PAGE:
Dragon's Den and Levi Roots' Reggae Reggae Sauce

UK-based TV aficionados will have spotted the burgeoning phenomenon that is Levi Roots and his Reggae Reggae Sauce, the BBQ jerk sauce fast becoming a stellar success thanks to the likeable reggae singer's appearance on BBC2 venture capital show Dragon's Den. Levi won over viewers, and the Dragons, when he dispensed with the traditional approach to pitching, got out a guitar and strummed the praises for his product - 'so nice I had to name it twice… Reggae Reggae Sauce'.

Levi (real name: Keith) is likable, but he did not come across on the show as having a strong business head. Normally someone who made a mistake like he did with the figures (confusing millions with thousands) would be kicked out the Den with their tail between their legs. The Dragons evidently spotted the 'internet phenomenon' potential lent to the product by the song and by Levi's charisma, and thought they could make it a success as a result.

The product may taste good, but as the Dragons themselves say, that's not really enough if you don't have a strategy for selling it in the crowded market place.

Now does anyone else feel a little bit uneasy about some rich white guys using their contacts to push the product out there, and making a lot of money out of a figurehead who represents a black stereotype - i.e. a guy who is good at music and cooking but can't be taken seriously as a businessman?

I don't know what Levi Roots is like personally. Maybe he really is as laid back as he seems. Maybe in reality he has a ruthless business brain. Whether the character we see is really him or not doesn't matter. It is his persona that is selling the sauce, along with Peter Jones schmoozing with his best mates and getting it into Sainsbury's.

I know that exploitation is the name of the game on Dragon's Den, as it probably always is with venture capitalists. They have the money, the business nous and the contacts to extort a large share of the profits from the inventors. But in this instance it bothers me more than usual. Firstly, this is because there is a faint whiff of racism around the phenomenon. Secondly, it's because they are using the TV exposure in itself to make the product a success, removing the realism from the programme. What we are left with is yet another example of rubbish, phoney television, not worthy of BBC2.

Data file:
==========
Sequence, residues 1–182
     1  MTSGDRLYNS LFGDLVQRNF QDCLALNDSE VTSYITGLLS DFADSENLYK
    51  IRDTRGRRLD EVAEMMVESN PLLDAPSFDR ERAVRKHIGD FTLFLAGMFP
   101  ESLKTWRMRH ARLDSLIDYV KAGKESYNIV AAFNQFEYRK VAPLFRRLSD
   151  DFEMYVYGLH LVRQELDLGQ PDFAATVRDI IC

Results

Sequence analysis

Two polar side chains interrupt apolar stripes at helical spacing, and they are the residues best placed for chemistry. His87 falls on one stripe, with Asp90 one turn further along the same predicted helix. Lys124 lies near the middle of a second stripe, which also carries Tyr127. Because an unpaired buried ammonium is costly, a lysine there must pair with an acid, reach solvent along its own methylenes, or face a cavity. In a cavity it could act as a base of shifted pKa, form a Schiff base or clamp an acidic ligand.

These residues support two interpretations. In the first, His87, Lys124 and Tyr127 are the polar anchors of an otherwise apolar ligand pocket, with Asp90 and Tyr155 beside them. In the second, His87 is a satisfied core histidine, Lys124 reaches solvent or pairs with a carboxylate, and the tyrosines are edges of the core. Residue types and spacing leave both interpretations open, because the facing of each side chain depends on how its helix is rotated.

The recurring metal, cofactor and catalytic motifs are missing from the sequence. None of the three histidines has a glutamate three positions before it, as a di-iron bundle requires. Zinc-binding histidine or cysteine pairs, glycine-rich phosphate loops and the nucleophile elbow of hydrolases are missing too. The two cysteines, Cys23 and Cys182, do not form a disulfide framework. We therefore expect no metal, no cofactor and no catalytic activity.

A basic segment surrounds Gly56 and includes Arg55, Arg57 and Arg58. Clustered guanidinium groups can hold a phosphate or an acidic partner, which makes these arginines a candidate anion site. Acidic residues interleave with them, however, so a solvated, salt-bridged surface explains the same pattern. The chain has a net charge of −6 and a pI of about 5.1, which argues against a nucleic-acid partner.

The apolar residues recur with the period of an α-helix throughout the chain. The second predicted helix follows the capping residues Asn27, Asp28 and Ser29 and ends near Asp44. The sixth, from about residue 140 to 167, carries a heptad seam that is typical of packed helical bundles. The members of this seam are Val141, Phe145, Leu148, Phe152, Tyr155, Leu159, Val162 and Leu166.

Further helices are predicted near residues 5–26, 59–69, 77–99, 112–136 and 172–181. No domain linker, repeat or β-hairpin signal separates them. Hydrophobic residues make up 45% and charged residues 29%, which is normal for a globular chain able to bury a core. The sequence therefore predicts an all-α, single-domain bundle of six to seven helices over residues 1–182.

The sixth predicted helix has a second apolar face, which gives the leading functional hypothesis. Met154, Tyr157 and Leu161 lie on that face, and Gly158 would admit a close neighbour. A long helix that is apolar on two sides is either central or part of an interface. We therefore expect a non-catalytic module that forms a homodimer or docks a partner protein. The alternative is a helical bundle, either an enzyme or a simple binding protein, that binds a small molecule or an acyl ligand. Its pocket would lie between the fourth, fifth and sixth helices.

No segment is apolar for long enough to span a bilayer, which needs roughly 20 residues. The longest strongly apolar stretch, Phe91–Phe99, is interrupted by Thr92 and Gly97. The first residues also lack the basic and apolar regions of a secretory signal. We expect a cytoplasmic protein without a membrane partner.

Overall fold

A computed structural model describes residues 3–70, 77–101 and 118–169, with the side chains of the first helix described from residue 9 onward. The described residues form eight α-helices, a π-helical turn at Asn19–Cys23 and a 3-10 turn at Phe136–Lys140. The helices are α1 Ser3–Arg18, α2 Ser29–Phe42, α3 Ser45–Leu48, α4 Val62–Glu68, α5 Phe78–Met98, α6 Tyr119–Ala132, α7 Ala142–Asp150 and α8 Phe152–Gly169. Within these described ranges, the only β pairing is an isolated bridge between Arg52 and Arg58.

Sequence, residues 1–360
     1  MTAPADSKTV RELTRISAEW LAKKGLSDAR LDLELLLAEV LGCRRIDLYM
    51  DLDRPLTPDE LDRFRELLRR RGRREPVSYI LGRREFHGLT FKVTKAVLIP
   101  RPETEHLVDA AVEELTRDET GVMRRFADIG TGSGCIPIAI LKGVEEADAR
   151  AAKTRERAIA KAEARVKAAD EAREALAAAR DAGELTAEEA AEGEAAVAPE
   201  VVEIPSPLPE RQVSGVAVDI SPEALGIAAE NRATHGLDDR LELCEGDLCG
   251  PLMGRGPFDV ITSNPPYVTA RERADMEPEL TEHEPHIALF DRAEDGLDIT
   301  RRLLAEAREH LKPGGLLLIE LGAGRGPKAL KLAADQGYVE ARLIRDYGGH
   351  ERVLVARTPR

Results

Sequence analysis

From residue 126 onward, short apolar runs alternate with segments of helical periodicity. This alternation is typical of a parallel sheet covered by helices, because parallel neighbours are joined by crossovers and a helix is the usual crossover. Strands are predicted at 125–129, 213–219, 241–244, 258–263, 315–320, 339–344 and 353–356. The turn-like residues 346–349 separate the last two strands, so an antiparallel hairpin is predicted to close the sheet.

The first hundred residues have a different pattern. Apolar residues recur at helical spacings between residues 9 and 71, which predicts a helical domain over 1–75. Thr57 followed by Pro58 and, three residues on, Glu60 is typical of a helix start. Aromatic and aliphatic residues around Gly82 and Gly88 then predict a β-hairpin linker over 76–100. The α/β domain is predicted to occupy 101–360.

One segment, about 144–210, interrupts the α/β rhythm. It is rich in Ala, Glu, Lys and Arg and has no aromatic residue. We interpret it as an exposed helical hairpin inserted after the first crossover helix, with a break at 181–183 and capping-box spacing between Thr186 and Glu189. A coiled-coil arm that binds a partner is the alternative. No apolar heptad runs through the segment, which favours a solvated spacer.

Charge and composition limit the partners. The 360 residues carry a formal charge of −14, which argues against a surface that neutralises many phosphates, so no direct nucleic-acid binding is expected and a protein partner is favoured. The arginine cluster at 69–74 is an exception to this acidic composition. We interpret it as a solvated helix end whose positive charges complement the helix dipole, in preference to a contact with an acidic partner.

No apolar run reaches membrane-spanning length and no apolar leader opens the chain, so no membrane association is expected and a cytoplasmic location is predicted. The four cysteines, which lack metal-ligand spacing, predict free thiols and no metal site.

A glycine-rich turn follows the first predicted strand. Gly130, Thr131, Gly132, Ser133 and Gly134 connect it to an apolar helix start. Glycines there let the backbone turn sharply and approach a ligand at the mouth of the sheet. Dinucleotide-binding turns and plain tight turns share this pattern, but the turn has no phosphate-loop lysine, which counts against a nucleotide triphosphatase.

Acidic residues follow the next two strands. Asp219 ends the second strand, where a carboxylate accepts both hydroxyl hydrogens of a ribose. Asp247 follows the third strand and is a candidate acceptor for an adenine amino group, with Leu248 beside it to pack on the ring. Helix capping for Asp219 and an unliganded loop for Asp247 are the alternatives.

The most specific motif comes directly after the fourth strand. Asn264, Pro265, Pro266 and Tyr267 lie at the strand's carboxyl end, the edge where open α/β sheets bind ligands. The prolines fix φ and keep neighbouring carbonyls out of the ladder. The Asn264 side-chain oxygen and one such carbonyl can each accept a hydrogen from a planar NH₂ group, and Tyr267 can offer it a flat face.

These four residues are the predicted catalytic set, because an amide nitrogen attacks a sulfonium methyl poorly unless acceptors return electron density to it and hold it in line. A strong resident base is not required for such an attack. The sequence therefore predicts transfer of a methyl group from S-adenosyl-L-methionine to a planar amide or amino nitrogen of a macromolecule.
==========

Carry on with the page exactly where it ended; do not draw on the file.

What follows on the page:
As stated above, Reggae Reggae Sauce is a Jamaican style hot sauce that promises to "put some music in your food" that first came to prominence when featured on Dragons' Den in 2007. Unlike the above noder, I cannot be arsed with any sort of fartarsing around with the morality of this product and am here to tell you what it is like as a sauce.

Given that this is a supermarket sauce, I didn't exactly expect it to be particularly hot. While it is made with lovely fruity Scotch Bonnet chillies, these are way down the list of ingredients on the label and as such neither the heat nor the fruitiness really comes to the fore. Granted, it's a bit hot, more so than tabasco but that's about it really. I couldn't find a source for how many Scovilles it is so I'm going to guess at around 17,500 or so. This means it's 3.5 times hotter than Tabasco but under 10% the heat of Dave's Insanity Sauce and a mere 1.17% the heat of the frankly psychotic Da' Bomb Final Answer. I rather suspect that so as not to scare off the punters the manufacturers de-seeded the chillies before putting them in, thus making the fatal error that heat and taste are mutually exclusive (they are not).

Taste-wise, it's fairly average barbecue sauce. I've had nicer. Claims of authenticity as a jerk spice mix are cast into doubt by the fact it's sold in supermarkets. There is also, as already set out, a disturbing lack of heat herein. There are better jerk sauces out there which are both tastier and hotter, I'm afraid, not least from the mighty Dave's Gourmet or even if you go into any West Indian store or takeaway anywhere in London for that matter.

Now don't get me wrong, it's not repulsive like certain products I can name but I have had better. As it is, it's just a slightly fancified barbecue sauce with a bit of chilli in it. Had it not been for its creator singing on Dragons' Den it would not be so popular. I personally have no real use for it. Sorry.

(IRON NODER 2011 2/30)

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